What happens to a social token when its creator dies? That may be an odd question to ask about a technological tool that’s only beginning to take off, but thinking it through may help you understand what’s new in the “new digital economy” and what may never change.
Part of an effort to make “ownership” central to digital goods – broadly defined as Web 3.0 and including non-fungible tokens (NFTs) and decentralized autonomous organizations (DAOs) – social tokens allow creators and fans to interact through novel financial relationships. At heart, they give holders a stake in the success of some “creator.”
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Countless musicians (including Grammy winner RAC and BT), artists (like Jen Stark), sports legends and prospects (Washington Wizards point guard Spencer Dinwiddie and UCLA sophomore guard Jaylen Clark) and even investment gurus (like Kerman Kohli) have moved into the market.
Fans buy, acquire or earn tokens, which represent a share in a creator’s career. Tokens should be, but aren’t always, wholly owned by someone and can be transferred or sold at will. They often come packaged with added utility – the ability to use a platform, like accessing a gated Discord channel or the right to meet your hero.
Putting money at the center of a community will no doubt influence how those communities develop. As Kinjal Shah, a senior associate at Blockchain Capital, said, “Crypto networks facilitate stronger relationships between creators and users. These relationships will introduce economic rewards and incentives to strengthen network effects.”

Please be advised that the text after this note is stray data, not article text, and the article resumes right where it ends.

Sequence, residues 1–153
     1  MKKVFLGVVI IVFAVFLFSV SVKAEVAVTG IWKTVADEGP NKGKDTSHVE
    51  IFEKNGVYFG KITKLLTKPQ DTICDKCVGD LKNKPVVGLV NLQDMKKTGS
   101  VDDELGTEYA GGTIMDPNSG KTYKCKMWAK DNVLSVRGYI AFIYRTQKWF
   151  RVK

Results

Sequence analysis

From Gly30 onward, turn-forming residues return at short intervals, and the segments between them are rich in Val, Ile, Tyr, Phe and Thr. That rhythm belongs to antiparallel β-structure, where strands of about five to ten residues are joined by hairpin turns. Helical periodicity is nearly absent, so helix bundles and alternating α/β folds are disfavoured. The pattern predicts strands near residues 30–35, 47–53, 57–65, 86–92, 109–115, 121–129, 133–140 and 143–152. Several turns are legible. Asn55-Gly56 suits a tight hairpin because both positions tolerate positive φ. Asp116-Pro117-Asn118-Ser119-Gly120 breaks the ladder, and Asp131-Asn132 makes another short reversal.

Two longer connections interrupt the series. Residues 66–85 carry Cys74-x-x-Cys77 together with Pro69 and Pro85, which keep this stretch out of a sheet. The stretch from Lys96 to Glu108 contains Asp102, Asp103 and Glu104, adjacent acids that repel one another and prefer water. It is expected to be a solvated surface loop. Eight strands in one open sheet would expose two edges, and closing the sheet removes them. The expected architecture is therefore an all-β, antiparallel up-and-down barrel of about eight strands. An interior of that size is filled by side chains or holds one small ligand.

Shah’s statement might be premature, but it does get to how crypto is changing how behavioral economics, platform design and finance interact. “We’re [going] to need new mental and legal frameworks,” Wharton professor Kevin Werbach said about crypto and fintech on Twitter. “And a bigger boat.”
There are already mental models for understanding “the creator economy.” A decade ago, Wired editor Kevin Kelly noted how the internet allowed small-time creators to sustain themselves with only “1,000 true fans.” For instance, crowdsourcing platforms like Bandcamp made it possible for musicians to produce their own albums – without the help of a label.
The same theory holds for social tokens. What’s new here is the financial relationship between creators and fans – and one that can metastasize in interesting ways. The upside is clear: Creators can fund their work, communities may flower and fans have something to cherish and hold.
It’s possible that “empowered” fans may go too far. Giving someone an economic stake in your career may make them feel entitled to make decisions on your behalf. Artists may be less incentivized to experiment or change direction, and super-fans may become your most vocal critics. And it’s not just your art that affects a token’s price, but potentially anything you do or say. Of course, some people, like Kohli, have designed their token ecosystem to precisely give token holders a say over their “investment” decisions.
There’s also the unknown effects of conflating artistic worth with financial success. In a great introduction to social tokens, venture capitalist Rex Woodbury wrote, “In the future, instead of measuring a creator’s clout based on her Instagram following, we’ll point to her market cap.”
So what happens after the token creator dies? Assuming crypto is as “unstoppable” as claimed, the tokens should still exist and be tradeable. It’s possible death spells the end for a community, or, as so often the case in the history of art, a new critical awareness of the artist’s work.
There’s no single answer to this question, in part because tools like social tokens allow for the creation of so many different types of communities. There will be as many tokens as there are ideas and individuals willing to strike out on their own. That much is new, but the question of death is one for lawyers to work out.